“To her enduring credit, Kate Carnell decided, unlike Andrew Barr, that the fact that GIO Stadium was owned by the Commonwealth was irrelevant and what mattered was ensuring that the needs of the Canberra community were met,” writes JON STANHOPE.
AN issue that caught my attention in the recent enervating federal election campaign was the competing promises from different candidates and parties to rehabilitate the AIS Arena to a standard that allowed the Canberra Capitals to return to its rightful home.
As you would recall, the basketball team was forced to vacate the venue when it was deemed unfit for purpose. It did, of course, serve a very useful role as a covid vaccination clinic.
Despite the obvious need for the arena to receive a makeover, in order that the much-loved Capitals have a venue deserving of the team’s importance and status, the ACT government declined to commit to the required upgrade on the grounds that the building belonged to the Commonwealth and it was, therefore, up to Scomo to fix it and the Capitals would simply have to put up with substandard facilities until the Commonwealth came to the party.
The fact that it was Canberra’s most successful and loved women’s sporting team and its legion of Canberra fans who would be disadvantaged by this macho standoff was apparently lost on Andrew Barr and Scott Morrison.
The politics was far more important to them than the relatively minor amount of funding required, namely a miserly $10 million or so, or the equivalent of 50 metres of tramway. An amount, the insignificance of which is starkly illustrated by comparison with the $9 billion of debt racked up by Barr and Shane Rattenbury, for goodness knows what, in the last six or seven years.
However, what mostly grabbed my attention was the vastly different approach of Labor and the Greens to the confected conundrum of expending funds on a property one does not own to that adopted by a previous Liberal Chief Minister and government.
I am sure those of you who were around 20 years ago remember it well. In the late ’90s then ACT chief minister Kate Carnell committed $45 million (ie, more than $100 million in today’s dollars) to the construction of the Eastern Stand at GIO Stadium and the conversion of what was an international-standard circular athletics track, into a football stadium for use by the Raiders, Brumbies and the Canberra soccer fraternity.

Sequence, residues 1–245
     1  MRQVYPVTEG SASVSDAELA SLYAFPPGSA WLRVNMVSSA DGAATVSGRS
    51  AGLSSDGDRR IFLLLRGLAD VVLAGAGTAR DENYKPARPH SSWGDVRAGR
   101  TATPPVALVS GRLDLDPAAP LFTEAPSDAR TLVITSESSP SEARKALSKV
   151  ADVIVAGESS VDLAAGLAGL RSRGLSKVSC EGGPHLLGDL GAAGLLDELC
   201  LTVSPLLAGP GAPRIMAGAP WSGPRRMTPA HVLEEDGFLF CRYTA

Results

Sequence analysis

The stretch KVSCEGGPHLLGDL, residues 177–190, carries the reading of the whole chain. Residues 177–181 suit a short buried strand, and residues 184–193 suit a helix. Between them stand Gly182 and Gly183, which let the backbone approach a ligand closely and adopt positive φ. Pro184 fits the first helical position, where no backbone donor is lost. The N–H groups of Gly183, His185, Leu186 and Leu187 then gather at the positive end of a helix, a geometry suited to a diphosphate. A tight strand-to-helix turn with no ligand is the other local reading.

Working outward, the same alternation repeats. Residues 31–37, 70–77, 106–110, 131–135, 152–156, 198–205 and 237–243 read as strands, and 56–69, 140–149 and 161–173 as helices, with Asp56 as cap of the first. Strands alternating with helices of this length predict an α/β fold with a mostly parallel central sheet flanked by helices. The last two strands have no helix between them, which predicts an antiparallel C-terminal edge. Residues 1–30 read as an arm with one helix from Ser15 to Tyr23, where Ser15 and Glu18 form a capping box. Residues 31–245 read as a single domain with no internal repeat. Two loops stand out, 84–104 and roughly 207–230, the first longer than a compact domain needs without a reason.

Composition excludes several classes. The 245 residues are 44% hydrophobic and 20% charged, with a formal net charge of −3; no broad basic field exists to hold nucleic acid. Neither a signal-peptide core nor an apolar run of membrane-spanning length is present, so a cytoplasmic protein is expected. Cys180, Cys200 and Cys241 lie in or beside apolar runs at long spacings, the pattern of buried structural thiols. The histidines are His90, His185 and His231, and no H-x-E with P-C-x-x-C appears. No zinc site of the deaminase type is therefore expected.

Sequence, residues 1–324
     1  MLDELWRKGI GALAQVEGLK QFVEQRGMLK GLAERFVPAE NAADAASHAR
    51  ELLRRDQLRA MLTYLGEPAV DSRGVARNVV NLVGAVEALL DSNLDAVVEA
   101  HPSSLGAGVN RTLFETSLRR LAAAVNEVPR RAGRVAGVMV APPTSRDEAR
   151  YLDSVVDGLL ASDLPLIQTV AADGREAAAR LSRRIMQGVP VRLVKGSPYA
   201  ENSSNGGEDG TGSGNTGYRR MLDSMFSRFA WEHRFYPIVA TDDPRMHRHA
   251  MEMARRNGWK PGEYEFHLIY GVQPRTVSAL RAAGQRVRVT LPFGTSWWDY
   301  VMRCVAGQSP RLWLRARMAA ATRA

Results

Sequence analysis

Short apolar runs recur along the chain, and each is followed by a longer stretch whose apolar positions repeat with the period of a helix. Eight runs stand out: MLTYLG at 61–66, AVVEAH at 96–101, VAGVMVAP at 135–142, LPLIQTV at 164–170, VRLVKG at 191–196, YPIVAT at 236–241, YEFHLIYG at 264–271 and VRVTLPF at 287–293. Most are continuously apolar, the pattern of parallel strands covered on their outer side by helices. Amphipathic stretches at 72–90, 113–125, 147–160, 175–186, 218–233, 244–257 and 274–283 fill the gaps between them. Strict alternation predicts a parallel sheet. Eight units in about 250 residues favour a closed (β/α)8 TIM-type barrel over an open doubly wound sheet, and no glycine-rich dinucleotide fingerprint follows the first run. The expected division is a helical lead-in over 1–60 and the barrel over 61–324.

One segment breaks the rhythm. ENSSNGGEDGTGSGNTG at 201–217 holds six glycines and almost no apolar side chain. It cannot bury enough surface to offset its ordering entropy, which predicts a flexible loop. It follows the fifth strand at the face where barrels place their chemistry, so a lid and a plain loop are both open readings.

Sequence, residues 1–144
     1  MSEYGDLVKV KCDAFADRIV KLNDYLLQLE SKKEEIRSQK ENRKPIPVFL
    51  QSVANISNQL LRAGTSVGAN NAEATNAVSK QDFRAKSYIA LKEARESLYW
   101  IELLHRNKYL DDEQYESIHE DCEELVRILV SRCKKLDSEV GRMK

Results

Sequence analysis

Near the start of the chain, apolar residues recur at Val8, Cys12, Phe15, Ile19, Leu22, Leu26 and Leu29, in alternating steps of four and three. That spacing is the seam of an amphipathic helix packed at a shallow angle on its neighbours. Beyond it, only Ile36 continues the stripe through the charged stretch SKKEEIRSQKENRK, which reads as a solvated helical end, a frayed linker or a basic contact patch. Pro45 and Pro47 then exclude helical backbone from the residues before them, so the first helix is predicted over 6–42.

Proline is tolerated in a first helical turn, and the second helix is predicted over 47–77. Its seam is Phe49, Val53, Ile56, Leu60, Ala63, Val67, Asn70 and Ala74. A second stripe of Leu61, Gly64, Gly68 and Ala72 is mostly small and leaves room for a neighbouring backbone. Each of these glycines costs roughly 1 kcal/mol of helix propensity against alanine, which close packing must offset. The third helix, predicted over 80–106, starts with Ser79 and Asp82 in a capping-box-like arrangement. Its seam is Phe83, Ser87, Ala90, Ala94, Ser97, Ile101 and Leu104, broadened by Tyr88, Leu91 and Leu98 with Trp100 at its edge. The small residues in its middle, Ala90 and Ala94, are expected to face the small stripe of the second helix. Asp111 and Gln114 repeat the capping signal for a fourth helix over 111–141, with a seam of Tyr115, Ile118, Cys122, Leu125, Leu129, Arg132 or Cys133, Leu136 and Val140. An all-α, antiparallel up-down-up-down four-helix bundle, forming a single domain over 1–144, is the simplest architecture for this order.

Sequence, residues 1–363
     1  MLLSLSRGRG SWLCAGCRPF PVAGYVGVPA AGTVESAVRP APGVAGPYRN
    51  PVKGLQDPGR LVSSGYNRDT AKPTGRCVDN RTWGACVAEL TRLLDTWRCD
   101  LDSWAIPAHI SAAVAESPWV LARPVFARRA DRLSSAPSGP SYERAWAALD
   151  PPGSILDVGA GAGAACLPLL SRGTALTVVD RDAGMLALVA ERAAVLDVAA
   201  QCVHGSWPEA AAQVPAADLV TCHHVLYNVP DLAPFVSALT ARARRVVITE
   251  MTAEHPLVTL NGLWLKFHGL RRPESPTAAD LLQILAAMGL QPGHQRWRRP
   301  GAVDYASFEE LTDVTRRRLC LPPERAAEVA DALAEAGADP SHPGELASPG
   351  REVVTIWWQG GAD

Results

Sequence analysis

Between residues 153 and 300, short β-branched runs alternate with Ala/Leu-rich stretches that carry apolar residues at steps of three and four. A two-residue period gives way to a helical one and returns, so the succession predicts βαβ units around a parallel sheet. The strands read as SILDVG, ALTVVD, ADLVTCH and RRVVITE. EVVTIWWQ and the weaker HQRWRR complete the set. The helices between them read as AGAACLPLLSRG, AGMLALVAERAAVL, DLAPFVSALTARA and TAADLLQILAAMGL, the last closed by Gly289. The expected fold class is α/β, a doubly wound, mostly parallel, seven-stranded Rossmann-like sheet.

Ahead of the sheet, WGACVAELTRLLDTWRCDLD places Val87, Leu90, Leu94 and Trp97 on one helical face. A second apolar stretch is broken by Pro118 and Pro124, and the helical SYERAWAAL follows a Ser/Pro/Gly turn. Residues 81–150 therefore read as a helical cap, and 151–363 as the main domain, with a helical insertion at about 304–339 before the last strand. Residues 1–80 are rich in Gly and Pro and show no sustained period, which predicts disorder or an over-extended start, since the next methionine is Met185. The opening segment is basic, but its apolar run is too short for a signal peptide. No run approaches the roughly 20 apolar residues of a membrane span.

It is interesting to reflect on what that decision by Carnell and the Liberal Party has meant for Canberra and what the consequences would have been for Canberra sport and the Canberra community had she not decided to step up and deliver a facility of such central importance.
The Raiders might, had they been able to survive, still be playing at Seiffert Oval in Queanbeyan and similarly the Brumbies, had they survived, at Viking Oval in Tuggeranong. One can only wonder about how many millions of visits there have been by fans to the stadium because of Carnell’s actions. To her enduring credit, she decided, unlike Andrew Barr, that the fact that GIO Stadium was then and still is owned (for accounting purposes) by the Commonwealth was irrelevant and that what mattered was ensuring that the needs of the Canberra community were met.
In one of the harsh ironies of politics, it is also possible that Kate might still be chief minister if she had not gone ahead with the project. But that’s another story.
But back to the AIS Arena. The rivers of gold that we have been led to believe will begin to flow into the ACT from the Commonwealth’s coffers, now that we have a Federal Labor government, will be most welcome.
Prime Minister Anthony Albanese has also acknowledged that the ACT has traditionally not done well under Liberal governments, and he will look to ensure that we receive our fair share of Commonwealth funding. Those members of the ACT government who were around in 2007, when Labor last emerged from opposition, will have breathed a sigh of relief that the experience from that time is not to be repeated. The first ACT specific action of the Rudd Labor government was to abandon $34 million in funding committed by John Howard to the upgrade of Constitution Avenue.
That decision was followed up a little later by a decision of the then Rudd cabinet to refuse funding for the construction of the Majura Parkway, despite it having been recommended by Infrastructure Australia as a priority project.
Thankfully, more than four years later, Julia Gillard agreed, as prime minister, to fund half the cost of the Majura Parkway if the ACT picked up the other half. I still have the gravel rash to show for her agreement.
Jon Stanhope was ACT chief minister from 2001 to 2011 and the only chief minister to have governed with a majority in the Assembly. Read more of his columns on citynews.com.au
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